On the dual nature of decisions and other reasons why it sucks to be an adult
Do you remember the focus of desire we had as children? You know, the wanting something so clearly, the life of black and white decisions.
For example, if I wanted a bite of my sister's huge sucker that she had worked for weeks to judiciously preserve after a trip to Disneyland (torturing me piece by piece, I might add) then I wanted that and only that. I wasn't concerned with the injustice she must have felt when my mother suggested she share (when I had been given the very same sucker at Disneyland, but didn't make it home with it. "I ate mine all gone"). I had no knowledge of the long day at work my mom probably had, only to come home to a bratty child insisting on candy and having to be patient and kind enough to give both my sister and I the attention required at that moment (at a moment where, no doubt, dinner needed making. Did I mention she was a single parent of four?!). I didn't at all think of the sugar I had already enjoyed that day, nor was I concerned with my health or figure in general. Hell, I wasn't even aware of the cost of the lollipop, not to mention the immense financial hardship of a day at Disneyland (which my mom scrimped and scrounged all year to give her four children). I never thought that if I chose to eat a sucker, I would no longer get a popsicle after dinner.
Perhaps that is one of the many objects of parenting, to assist your offspring in seeing all sides of a situation, to become well-rounded, considerate, gracious, and open-minded, to point out the feelings of all parties involved. But perhaps the flip side to this is that it creates a bunch of indecisive ninnies. If only we had been allowed our narcissistic future, perhaps we could have ended up a despot or celebrity at the very least. Now those crazy fools know what they want, damn it.
I did nothing wrong in this situation. I was a child with a child's perspective, "I want what I want when I want it." But that, my friends, that's what I miss. I haven't heard anything even remotely focused emerge from my soul since the days in college where I knew I wanted to be a teacher or in my 20s when I met and wanted to jump all over Joel. I wish I knew desire in single-mindedness again. I want to see only one side of the coin, to stare at it long enough, to be gifted just enough oblivion to believe there really is such a thing as a right choice.
I keep thinking about several of my friends who are on the brink of major life changes. They have immense anxieties even concerning decisions they feel good about. If only us MAKING the decision meant in turn that we BELIEVED it was the right one with zero creeping doubts. But we are forced to make choices that mean turning our backs on other choices and it can be so exhausting - this spinning about, this dual nature of decisions.
This currently hits me in my gut because I am still undecided about being a working mother. In my early pregnancy, I spent several nights tossing and turning with the inability to decide what I truly wanted. Was I going to join the ranks of women having children only to have someone else raise them? Or would I decide that the financial sacrifice would be worth the joy of being home with Bowie, seeing her first laugh, catching her first steps? My therapist and I decided that I would wait to make the decision until I was actually on maternity leave and had all the information necessary to make an informed decision. That was very relieving at the time.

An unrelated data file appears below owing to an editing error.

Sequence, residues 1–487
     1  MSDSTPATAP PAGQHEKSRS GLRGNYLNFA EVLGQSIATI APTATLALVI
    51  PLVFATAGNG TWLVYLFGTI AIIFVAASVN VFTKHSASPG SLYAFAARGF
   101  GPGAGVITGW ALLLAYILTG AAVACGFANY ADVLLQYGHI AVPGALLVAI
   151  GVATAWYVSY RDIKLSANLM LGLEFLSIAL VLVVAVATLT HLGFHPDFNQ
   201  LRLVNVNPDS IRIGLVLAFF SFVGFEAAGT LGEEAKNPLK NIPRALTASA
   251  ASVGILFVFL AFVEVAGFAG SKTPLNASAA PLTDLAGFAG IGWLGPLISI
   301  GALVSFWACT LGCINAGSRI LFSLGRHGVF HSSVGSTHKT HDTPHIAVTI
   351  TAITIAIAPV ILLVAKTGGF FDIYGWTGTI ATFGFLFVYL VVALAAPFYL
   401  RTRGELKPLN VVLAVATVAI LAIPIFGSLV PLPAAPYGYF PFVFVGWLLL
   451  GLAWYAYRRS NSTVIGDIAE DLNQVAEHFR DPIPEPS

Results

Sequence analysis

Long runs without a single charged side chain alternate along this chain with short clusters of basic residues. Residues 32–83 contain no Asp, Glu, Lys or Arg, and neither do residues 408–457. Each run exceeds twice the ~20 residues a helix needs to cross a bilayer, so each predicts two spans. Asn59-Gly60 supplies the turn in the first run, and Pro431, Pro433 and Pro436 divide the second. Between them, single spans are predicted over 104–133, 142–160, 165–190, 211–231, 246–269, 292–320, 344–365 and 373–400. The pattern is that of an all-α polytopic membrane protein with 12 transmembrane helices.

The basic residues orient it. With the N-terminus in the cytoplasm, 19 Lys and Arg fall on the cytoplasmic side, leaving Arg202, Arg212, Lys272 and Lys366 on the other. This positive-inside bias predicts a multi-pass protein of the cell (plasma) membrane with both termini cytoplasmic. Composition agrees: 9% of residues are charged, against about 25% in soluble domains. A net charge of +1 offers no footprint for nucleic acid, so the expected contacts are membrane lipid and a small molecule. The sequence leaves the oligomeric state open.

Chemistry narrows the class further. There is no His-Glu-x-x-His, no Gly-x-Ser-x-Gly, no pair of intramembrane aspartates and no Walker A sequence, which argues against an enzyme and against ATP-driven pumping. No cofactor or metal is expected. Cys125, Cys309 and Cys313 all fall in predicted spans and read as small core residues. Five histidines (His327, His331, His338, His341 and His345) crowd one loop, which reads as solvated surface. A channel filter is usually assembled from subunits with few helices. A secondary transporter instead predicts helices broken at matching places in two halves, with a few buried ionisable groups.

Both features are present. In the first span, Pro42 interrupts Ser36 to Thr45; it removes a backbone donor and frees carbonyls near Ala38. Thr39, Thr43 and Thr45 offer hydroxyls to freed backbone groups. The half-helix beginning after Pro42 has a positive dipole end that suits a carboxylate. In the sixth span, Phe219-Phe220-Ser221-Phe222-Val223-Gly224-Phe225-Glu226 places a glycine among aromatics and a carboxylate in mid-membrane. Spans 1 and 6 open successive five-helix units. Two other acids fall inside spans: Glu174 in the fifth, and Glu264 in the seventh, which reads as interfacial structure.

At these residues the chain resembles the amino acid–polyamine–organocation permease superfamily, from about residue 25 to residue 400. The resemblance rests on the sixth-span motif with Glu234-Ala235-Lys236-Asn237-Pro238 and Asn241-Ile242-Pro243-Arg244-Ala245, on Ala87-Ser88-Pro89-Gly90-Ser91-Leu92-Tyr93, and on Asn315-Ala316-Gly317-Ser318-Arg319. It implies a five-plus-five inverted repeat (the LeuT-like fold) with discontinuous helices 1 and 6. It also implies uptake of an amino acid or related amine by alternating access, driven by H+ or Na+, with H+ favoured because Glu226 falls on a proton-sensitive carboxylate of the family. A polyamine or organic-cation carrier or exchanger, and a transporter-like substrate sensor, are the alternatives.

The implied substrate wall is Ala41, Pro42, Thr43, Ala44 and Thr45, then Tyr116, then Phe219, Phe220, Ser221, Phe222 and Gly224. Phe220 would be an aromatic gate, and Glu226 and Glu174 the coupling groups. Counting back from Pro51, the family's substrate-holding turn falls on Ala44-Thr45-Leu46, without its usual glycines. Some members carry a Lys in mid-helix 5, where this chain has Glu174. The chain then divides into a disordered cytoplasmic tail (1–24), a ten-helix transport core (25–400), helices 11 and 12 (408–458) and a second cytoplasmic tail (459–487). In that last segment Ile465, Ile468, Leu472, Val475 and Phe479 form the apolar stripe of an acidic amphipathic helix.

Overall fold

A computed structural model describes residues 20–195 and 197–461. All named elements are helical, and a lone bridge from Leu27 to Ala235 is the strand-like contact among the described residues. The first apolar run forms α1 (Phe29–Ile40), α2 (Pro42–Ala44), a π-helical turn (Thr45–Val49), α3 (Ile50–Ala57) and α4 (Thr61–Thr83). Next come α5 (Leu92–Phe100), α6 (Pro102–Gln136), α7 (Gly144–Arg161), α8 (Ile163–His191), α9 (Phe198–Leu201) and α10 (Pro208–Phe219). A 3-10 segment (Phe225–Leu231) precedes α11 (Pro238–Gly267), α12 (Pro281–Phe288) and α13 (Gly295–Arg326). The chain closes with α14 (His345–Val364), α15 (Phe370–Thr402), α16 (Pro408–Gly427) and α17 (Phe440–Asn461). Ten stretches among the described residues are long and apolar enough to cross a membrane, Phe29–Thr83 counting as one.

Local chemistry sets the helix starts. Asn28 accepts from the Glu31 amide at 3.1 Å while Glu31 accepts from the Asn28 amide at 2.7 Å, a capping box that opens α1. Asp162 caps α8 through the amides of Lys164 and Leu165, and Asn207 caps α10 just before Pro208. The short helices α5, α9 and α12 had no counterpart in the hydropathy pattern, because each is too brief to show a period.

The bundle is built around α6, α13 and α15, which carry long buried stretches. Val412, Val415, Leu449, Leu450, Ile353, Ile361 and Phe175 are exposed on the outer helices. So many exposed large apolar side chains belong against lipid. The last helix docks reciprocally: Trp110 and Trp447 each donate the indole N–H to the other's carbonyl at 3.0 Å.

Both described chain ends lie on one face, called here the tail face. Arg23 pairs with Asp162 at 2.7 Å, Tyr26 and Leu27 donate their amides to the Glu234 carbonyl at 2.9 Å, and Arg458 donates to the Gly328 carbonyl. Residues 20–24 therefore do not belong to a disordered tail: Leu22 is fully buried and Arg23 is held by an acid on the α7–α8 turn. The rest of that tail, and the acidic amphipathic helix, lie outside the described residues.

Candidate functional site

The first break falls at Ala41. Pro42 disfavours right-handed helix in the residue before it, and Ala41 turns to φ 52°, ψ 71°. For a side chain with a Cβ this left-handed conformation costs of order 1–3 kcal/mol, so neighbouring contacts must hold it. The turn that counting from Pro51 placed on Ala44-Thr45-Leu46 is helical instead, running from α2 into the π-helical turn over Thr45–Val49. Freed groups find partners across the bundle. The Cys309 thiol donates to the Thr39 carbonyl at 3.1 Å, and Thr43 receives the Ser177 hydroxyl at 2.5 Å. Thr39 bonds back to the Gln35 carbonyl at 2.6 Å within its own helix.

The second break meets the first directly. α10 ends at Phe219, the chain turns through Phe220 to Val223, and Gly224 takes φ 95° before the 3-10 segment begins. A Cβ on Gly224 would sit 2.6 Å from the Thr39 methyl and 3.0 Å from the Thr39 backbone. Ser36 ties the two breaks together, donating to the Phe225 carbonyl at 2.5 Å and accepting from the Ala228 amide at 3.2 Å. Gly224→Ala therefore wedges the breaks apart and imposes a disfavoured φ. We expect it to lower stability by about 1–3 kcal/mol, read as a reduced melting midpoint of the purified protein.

But I am now on maternity leave and the decision is not any easier. I was laid off in July, so I suppose the universe did weigh in on the decision, but I also don't want to just let life happen to me, reacting to its changes like a pinball in a crazy maze. I want to be proactive, to intend my life.
Sidenote: you can learn a lot about a person by how they make decisions.
I want to scream from the skyscrapers of life, "I WANT IT ALL."
And so I go about my days trying to conjure up a career that will give me everything I want...money, purpose, and intellectual/interpersonal stimulation; I also want family life, quiet time at home, and an uncomplicated schedule. Instead of truly committing to one or the other, I waver in the between because more accurately than wanting it all, I actually have no idea what I want. I never imagined I would say this, but I miss being told what to do by teachers, parents, and authority figures. However, the minute anyone tries to, I buck up like an unbroke stallion (horsey people, is that a thing?).
So we make blind choices, jumping into new chapters with nothing but blind faith and a sloshing martini to give us courage. Right or wrong (which I cannot believe exists with life choices anymore - perhaps it's more precise to say right or wrong for each person), that's what it means to be human.
Today I think I choose to hide in my house, throw my hair back in a pony tail, read a book, and hold my crying baby (because yesterday I chose to ingest more than a fair portion of chocolate torte).